The University of Washington School of Medicine, along with the Kaiser Permanente Center for Health Research in Portland, Oregon, will conduct a study on the effectiveness of the COVID-19 vaccine.
The study is now underway. Researchers are looking for nearly 3,500 children and adults to participate in the four-year study. During this period, vaccinated and unvaccinated participants will be monitored for any COVID-19 infection, COVID-like illness or other respiratory infections such as influenza. Dr. Helen Chu is an associate professor of medicine, who will co-lead the study. She says one of her main goals is to see how effective the vaccine is for children aged 5 to 18. She says this study will provide vital information in the continued fight against the virus.
“And then new variants will keep coming. And we’re going to see how these vaccines work,” Chu said.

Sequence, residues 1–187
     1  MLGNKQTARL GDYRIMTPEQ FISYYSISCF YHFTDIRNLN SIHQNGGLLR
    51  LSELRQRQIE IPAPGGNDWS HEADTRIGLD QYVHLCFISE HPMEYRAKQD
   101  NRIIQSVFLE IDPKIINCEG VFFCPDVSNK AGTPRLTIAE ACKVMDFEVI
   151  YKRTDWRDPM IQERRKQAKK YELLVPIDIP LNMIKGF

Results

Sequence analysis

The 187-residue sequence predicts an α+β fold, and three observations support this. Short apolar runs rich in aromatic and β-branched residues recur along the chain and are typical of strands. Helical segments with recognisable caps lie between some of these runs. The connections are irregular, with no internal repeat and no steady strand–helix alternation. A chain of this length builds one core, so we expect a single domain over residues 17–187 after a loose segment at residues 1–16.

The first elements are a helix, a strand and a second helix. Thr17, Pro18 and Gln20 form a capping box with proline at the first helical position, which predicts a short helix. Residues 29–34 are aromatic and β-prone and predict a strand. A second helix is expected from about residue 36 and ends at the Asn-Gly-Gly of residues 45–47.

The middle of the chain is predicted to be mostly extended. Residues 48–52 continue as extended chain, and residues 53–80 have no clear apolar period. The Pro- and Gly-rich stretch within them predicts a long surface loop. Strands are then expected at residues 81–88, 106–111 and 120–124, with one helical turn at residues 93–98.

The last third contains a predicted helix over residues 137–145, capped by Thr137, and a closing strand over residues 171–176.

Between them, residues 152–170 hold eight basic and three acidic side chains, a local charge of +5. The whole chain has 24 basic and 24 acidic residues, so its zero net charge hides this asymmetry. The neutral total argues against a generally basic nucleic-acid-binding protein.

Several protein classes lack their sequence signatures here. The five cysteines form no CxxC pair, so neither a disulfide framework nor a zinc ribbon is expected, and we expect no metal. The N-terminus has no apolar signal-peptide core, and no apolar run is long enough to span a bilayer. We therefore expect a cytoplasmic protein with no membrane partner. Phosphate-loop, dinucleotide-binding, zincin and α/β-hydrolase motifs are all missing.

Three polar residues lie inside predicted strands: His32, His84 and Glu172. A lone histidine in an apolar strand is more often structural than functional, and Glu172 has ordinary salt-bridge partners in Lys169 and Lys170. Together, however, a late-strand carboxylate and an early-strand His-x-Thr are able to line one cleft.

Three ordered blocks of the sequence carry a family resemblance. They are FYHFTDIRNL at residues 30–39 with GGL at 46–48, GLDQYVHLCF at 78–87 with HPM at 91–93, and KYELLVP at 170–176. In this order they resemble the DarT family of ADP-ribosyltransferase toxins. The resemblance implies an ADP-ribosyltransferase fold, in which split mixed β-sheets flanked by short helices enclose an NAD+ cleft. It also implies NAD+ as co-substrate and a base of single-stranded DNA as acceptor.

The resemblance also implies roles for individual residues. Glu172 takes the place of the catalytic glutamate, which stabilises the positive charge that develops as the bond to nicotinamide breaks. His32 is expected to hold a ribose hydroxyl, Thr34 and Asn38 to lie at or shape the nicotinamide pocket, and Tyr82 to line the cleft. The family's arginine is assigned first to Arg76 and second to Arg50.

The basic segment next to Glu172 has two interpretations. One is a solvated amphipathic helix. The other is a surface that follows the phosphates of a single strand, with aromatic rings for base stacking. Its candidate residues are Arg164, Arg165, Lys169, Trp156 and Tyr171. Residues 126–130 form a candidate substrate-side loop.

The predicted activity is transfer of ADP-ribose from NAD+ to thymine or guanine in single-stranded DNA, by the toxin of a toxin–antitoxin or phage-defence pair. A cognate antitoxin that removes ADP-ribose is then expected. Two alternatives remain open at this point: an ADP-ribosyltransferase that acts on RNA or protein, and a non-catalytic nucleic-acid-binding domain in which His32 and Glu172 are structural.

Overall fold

“And also look at the effects of repeat vaccinations and boosters. To understand how long your immunity lasts and whether or not this is different over time and across age range in children and adults. Chu said.
Meanwhile, Chu says people will be tested weekly for the virus with home PCR tests. Children will have the test done by their parents and adults will take the test themselves. According to a press release from UW Medicine, participants will complete weekly symptom surveys online or by phone. Vaccinations will not be administered as part of the study.
“COVID is not going away. It’s going to be for a long time,” Chu said.
KIRO7 asked Chu if she thought the study could convince the unvaccinated to get vaccinated. She says she’s not sure that will be the case, but thinks the study will provide plenty of real data in the future.
“I’m not sure this will be the study that convinces a parent who isn’t going to vaccinate their child to get their child vaccinated, but it will provide real insight into vaccine performance,” Chu said.
“It will help us understand the questions about long COVID, about all these other things,” Chu said.
The study is funded by the US Centers for Disease Control and Prevention. To register to participate, click here.
©2022 Cox Media Group